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SEC Insights - January 2016


Enhancing the Audit Committee Report - An Update



In the May 2014 issue of SEC Insights, I reported on the AICPA’s Center for Audit Quality Audit Committee Collaboration’s recently published Enhancing the Audit Committee Report: A Call to Action. The Call to Action was intended to assist audit committees in strengthening their public disclosures to more effectively convey their critical work to the investing public and other stakeholders. Since that time, much has happened to keep the topic in the public light:

  • The Center for Audit Quality and Audit Analytics jointly published an Audit Committee Transparency Barometer presenting the results of a deeper analysis of 2014 audit committee disclosures applying a “barometer” for the first time to measure the robustness of these disclosures among the S&P Composite 1500.
  • The Securities and Exchange Commission (“SEC”) published a Concept Release regarding Possible Revisions to Audit Committee Disclosures. The Concept Release sought input regarding a comprehensive set of potential changes to existing disclosures intended to establish further transparency in the way audit committees manage the oversight of the auditor.
  • The Public Company Accounting Oversight Board (“PCAOB”) published a Concept Release on Audit Quality Indicators noting 28 potential quantitative indicators falling into three categories: (1) measurements dealing with audit professionals; (2) measurements dealing with the audit process; and (3) measurements dealing with the audit results.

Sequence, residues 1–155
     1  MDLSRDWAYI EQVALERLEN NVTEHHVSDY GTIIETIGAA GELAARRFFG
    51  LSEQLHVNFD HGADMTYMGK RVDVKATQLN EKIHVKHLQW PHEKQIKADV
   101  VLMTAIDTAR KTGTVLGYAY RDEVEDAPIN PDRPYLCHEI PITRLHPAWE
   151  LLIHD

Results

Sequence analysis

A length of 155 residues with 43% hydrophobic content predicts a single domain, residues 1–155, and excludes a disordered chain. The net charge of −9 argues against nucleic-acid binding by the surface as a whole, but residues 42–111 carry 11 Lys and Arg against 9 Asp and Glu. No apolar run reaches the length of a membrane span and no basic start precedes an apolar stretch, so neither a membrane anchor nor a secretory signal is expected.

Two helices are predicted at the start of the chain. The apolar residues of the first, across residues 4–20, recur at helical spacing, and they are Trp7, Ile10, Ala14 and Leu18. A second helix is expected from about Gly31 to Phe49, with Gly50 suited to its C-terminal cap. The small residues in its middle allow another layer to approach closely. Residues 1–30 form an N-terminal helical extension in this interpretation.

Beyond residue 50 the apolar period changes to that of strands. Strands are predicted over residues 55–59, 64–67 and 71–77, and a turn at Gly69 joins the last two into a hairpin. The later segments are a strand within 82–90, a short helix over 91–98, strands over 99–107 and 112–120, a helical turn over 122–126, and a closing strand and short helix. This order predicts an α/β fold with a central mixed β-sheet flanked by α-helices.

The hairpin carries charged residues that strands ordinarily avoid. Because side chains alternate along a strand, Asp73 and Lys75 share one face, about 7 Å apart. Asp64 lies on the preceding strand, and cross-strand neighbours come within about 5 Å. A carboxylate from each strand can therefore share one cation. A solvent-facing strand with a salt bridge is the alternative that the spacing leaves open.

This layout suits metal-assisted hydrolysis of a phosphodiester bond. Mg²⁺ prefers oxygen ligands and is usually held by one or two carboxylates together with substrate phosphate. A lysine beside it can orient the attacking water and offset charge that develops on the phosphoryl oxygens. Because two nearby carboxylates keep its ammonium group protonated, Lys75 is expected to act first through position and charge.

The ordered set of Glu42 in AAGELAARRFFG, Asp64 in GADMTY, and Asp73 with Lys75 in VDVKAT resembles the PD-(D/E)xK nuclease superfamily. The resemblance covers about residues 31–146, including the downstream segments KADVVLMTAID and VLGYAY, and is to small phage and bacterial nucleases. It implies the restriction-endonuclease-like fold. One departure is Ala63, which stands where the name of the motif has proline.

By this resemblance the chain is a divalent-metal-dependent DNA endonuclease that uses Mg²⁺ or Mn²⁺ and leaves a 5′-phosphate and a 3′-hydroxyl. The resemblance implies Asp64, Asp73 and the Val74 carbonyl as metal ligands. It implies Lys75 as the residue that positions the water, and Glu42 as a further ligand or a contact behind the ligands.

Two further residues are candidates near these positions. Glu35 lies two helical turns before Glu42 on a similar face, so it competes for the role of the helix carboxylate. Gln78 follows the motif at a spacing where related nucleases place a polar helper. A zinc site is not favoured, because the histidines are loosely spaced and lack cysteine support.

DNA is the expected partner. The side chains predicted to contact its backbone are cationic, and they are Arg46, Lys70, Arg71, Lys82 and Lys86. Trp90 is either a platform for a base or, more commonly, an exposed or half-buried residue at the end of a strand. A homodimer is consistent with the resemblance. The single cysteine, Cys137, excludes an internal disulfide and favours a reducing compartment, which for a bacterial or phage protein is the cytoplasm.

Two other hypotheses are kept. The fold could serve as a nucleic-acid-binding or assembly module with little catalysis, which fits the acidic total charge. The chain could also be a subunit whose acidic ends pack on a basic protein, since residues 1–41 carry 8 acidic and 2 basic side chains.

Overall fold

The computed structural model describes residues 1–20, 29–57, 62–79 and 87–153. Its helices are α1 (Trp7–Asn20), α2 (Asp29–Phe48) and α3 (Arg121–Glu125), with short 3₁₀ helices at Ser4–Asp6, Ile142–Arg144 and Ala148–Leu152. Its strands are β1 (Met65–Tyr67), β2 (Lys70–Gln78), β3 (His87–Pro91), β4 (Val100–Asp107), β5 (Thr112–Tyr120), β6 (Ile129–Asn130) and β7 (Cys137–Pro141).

We will report on the progress of the SEC and PCAOB proposals at a later date. However, the purpose of this article is to summarize the results of the Audit Committee Transparency Barometer, and the overall positive improvements noted regarding the extent and transparency of audit committee disclosures.

Executive Summary

Many companies are disclosing more that what is currently required, and many of the required disclosures are either consolidated in the audit committee report or in a dedicated, labeled section of the proxy. However, a complete understanding of the audit committee’s activities may still require reviewing information that is in various other locations (including the Company’s website). Consolidating information, where possible, and providing a direct link to the audit committee charter facilitates access to this information by stakeholders.

A table of the survey author’s detailed findings regarding auditor oversight disclosures is presented within the body of this article. However, it is clear that companies and their audit committees are “answering the call” by expanding their disclosures. However, there is a significant lack of consistency in disclosures across all company size sectors and a diminishing level of auditor oversight disclosures within the S&P SmallCap sector, which are some of the reasons why the SEC and PCAOB have both published concept releases to further the dialogue regarding the extent of audit committee disclosures.

Basis for the Study

A barometer is defined as both a measuring instrument and something that reflects changes in circumstances and opinions. The barometer of audit committee transparency is focused on measuring the content of audit committee disclosures in certain key areas, including auditor oversight and audit committee scope of duties. The survey authors expect that this information will serve as a baseline reference point for measuring improvements in the disclosure of the work of audit committees in future proxy seasons.